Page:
By Phil Mercer
BBC correspondent in Sydney
A controversial book about the "honour killing" of a Jordanian woman has been withdrawn by publishers in Australia after the author was accused of fabricating the story.
Khouri says the book tells the story of her best friend's life and death
Norma Khouri's Forbidden Love was a best-seller in Australia.
It is a first-hand account of a Muslim woman's death, murdered by her father over her relationship with a Christian.
But an Australian newspaper says it has uncovered dozens of inconsistencies. The author stands by her story.
Norma Khouri's celebrated story details the tragedy of her best friend, a Muslim woman in Jordan who falls in love with a Christian man.
The relationship so enraged her family that she was murdered.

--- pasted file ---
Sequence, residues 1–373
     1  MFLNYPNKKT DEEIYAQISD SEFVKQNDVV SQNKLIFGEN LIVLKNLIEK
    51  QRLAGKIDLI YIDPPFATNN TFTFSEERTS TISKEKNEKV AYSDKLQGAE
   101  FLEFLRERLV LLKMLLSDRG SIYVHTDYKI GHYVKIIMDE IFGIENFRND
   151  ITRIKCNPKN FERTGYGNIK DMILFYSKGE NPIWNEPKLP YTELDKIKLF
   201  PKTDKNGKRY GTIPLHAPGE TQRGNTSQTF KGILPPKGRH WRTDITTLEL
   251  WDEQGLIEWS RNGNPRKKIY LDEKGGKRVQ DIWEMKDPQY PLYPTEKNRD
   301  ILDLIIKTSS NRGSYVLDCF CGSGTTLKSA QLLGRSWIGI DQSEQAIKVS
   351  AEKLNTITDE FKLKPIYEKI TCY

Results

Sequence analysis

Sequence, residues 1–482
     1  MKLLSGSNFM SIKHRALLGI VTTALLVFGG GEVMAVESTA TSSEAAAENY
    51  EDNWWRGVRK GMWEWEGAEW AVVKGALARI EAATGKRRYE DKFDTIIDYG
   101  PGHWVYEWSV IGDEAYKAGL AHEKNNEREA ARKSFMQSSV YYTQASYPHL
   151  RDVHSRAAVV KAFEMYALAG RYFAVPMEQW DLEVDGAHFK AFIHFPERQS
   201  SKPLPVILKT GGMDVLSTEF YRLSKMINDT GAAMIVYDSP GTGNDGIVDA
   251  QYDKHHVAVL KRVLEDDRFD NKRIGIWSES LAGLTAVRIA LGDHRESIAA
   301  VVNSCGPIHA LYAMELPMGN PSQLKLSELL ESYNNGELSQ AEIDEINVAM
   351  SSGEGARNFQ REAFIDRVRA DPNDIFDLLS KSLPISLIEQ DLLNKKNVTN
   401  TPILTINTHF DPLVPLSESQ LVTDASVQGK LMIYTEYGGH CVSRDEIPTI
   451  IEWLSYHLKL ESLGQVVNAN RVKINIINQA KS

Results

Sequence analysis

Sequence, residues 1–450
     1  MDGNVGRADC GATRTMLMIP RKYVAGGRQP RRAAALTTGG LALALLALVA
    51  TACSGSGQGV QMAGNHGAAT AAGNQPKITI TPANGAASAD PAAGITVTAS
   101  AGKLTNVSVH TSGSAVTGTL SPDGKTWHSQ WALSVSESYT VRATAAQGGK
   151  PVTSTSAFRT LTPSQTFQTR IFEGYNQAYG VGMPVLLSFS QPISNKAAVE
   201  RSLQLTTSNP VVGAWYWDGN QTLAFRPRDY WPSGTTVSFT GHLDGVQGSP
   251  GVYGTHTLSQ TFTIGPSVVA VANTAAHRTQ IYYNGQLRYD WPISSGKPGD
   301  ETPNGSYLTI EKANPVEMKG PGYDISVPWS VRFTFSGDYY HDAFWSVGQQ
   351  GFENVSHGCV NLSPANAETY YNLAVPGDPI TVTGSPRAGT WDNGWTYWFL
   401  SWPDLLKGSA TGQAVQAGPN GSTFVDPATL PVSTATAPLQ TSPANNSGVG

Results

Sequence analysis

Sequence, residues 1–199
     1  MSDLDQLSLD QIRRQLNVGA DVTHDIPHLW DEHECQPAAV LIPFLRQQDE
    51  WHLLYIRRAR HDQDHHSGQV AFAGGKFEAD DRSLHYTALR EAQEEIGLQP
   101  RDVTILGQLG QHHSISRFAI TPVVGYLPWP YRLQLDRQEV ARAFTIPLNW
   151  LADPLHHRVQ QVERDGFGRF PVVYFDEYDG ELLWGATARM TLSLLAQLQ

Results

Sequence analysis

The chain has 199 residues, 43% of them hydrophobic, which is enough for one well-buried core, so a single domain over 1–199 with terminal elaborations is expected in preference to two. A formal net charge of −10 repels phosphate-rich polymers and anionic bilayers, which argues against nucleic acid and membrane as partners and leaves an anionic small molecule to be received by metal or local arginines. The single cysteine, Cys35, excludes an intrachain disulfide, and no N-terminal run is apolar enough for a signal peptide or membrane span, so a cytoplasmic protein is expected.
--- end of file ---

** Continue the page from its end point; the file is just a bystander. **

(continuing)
At the time of its launch in Australia two years ago,the book was marketed as "a harrowing memoir by a Jordanian woman whose lifelong friend was the victim of an honour killing at the hands of her own father".
Over the weekend the Sydney Morning Herald alleged that the author had fabricated the story.
The paper said an exhaustive investigation spanning three continents had uncovered a series of lies.
It claimed the author had lived in Jordan only until she was three and that the central character in the book never existed.
The publisher of Forbidden Love in Australia said it was being withdrawn until its authenticity could be proved.
In a statement, Random House said it had requested evidence from the author that the book was a true representation of her life and experiences.
Norma Khouri has strongly rejected the allegations.
She said she stood by her story and insisted she could prove she was telling the truth.
The 34-year-old writer lives a reclusive life in north-eastern Australia.
She has been granted asylum on account of the troubled past she said she suffered in the Middle East.